[0060] Upon receiving the requested information from vehicle system 104, an application running in application layer 241 of vehicle gateway 108 determines (520), based on the message received from the application running in application layer 291 and the information received from vehicle system 104, whether to reprogram vehicle system 104. In making a determination as to whether to reprogram vehicle system 104, the application running in application layer 241 may consider factors such as whether the current version of the vehicle system software version embodied in vehicle system 104 is the same version, or a prior version, as compared to the version of the software information conveyed by the application running in application layer 291 of infrastructure 140, or whether the current vehicle environment is appropriate for reprogramming of vehicle system 104. For example, in determining whether the current vehicle environment is appropriate for reprogramming, the application running in application layer 241 may consider whether the vehicle is moving, whether the engine is running, and other relevant parameters that may be of interest in safely reprogramming vehicle system 104. Vehicle gateway 108 can obtain the information considered by the application running in application layer 241 in determining whether to reprogram vehicle system 104 by retrieving status information from the system and from any other vehicle systems, as appropriate. In addition, vehicle gateway 108 may send (522) the status information to the application running in application layer 291 of infrastructure 140 via user bus 116 and wireless gateway 120.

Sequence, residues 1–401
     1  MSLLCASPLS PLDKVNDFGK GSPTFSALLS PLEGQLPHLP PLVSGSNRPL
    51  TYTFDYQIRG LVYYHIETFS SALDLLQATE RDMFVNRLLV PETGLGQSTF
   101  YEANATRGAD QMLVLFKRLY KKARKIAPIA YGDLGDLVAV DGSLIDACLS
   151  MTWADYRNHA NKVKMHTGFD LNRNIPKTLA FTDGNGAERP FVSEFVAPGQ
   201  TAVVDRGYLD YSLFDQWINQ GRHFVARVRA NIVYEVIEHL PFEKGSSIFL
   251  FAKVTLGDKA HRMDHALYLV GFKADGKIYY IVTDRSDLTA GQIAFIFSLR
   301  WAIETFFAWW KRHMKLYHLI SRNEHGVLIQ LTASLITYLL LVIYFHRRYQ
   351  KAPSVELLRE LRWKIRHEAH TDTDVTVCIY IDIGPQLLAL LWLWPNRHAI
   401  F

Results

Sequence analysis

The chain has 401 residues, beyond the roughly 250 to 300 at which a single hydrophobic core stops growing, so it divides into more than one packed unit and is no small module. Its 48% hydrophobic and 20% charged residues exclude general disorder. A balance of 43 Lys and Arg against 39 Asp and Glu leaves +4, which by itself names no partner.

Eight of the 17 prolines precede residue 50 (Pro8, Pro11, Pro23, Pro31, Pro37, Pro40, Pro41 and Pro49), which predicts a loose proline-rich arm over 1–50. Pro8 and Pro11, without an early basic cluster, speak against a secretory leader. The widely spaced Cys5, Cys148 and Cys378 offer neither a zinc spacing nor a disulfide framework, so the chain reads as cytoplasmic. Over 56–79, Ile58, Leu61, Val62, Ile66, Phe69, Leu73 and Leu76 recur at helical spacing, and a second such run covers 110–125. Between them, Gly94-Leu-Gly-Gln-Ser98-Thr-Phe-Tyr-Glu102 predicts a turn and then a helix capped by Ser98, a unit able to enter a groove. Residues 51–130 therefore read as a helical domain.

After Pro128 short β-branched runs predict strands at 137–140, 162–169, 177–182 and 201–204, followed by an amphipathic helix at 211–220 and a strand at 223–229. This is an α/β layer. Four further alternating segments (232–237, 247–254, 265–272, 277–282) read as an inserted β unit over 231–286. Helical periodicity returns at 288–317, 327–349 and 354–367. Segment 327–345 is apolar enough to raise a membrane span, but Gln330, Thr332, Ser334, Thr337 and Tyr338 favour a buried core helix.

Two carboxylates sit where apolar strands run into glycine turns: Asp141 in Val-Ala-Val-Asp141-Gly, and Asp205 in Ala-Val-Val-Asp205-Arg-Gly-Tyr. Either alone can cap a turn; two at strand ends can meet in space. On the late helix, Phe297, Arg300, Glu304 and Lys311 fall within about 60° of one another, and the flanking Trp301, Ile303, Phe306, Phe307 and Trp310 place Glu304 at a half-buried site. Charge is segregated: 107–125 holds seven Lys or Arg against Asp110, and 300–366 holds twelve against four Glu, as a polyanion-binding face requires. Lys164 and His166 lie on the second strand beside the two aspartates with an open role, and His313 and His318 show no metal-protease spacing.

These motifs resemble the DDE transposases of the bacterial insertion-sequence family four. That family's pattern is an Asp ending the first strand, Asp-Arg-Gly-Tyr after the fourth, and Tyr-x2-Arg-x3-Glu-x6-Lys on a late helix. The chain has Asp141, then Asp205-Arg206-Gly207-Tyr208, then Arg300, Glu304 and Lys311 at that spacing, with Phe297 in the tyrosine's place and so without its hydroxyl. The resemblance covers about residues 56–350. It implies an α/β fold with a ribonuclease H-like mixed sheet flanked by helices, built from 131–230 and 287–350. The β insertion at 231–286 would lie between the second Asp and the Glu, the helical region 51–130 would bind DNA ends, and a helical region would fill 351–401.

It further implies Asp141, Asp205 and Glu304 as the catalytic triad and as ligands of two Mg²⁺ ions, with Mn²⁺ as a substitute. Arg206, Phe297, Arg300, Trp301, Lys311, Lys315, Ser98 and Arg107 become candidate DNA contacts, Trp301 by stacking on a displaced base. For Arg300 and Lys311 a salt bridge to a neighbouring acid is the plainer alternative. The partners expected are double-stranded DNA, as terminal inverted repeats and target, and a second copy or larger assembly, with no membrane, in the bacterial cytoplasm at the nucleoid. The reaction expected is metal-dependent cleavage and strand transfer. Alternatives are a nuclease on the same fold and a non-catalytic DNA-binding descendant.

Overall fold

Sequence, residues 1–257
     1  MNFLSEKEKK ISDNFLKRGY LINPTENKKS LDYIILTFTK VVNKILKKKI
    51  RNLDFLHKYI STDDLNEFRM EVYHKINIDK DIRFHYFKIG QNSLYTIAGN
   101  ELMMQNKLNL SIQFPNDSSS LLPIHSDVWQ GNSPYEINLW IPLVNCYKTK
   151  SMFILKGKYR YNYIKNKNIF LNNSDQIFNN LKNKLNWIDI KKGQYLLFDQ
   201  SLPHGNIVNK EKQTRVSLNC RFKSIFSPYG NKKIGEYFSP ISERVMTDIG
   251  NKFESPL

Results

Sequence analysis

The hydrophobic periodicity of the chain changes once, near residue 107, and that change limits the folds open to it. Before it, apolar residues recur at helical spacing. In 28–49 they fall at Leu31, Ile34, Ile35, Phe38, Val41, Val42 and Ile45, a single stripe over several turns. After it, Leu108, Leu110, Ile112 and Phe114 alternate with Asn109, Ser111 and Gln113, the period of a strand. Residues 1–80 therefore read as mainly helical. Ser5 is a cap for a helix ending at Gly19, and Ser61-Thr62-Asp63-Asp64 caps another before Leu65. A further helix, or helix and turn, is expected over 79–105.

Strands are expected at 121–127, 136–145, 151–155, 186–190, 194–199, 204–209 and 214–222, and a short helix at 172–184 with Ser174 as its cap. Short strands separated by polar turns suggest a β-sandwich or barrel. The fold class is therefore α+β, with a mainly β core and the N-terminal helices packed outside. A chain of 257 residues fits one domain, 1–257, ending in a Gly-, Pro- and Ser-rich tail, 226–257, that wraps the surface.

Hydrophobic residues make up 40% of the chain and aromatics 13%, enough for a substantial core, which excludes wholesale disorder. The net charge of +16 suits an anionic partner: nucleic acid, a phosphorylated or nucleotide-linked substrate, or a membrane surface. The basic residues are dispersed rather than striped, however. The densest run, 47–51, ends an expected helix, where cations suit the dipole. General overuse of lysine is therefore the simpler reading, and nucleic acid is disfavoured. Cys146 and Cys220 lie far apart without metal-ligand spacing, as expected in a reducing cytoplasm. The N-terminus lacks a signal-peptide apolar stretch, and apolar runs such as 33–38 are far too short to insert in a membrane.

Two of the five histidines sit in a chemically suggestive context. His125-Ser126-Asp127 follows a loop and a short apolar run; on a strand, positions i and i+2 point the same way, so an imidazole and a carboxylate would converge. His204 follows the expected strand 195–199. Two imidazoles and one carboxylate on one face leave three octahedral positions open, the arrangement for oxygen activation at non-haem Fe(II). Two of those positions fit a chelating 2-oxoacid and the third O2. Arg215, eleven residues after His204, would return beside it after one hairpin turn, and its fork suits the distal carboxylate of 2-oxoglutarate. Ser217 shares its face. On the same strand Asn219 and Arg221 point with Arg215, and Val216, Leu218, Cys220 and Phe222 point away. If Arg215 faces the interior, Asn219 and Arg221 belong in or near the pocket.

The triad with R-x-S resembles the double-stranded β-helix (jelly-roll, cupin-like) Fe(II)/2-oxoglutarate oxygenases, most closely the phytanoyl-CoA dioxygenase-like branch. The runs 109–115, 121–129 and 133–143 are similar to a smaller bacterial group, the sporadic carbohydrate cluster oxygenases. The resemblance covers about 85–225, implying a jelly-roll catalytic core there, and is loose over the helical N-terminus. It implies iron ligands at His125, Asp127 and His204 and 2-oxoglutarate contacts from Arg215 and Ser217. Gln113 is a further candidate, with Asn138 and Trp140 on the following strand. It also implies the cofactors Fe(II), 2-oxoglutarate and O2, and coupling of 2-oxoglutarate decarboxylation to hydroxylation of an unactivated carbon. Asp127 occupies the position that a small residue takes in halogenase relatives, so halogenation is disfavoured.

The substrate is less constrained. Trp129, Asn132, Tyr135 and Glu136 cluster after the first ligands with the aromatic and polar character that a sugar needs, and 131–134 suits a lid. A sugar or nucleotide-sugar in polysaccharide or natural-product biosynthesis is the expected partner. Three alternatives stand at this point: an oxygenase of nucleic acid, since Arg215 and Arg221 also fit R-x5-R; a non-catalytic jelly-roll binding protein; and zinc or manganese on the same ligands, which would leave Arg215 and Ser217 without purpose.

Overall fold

[0061] When vehicle gateway 108 determines (520) not to reprogram vehicle system 104, the logic flow ends (524). When vehicle gateway 108 determines (520) to reprogram vehicle system 104, vehicle gateway 108 conveys (526) new, executable software received from the application running in application layer 291 of infrastructure 140 to vehicle system 104. When the current vehicle environment is appropriate for reprogramming of vehicle system 104, the new software is validated (528) and executed (530) by vehicle system 104 to produce a result. The vehicle system 104 then conveys (532) the result to the application running in application layer 241 of vehicle gateway 108, and the application running in application layer 241 confirms (534) that the vehicle system has been successfully reprogrammed based on the result. The logic flow then ends (524). In another embodiment of the present invention, the result may be an error code and vehicle system 104 may report (536) an unsuccessful reprogramming by returning the error code to the application running in application layer 241 of vehicle gateway 108.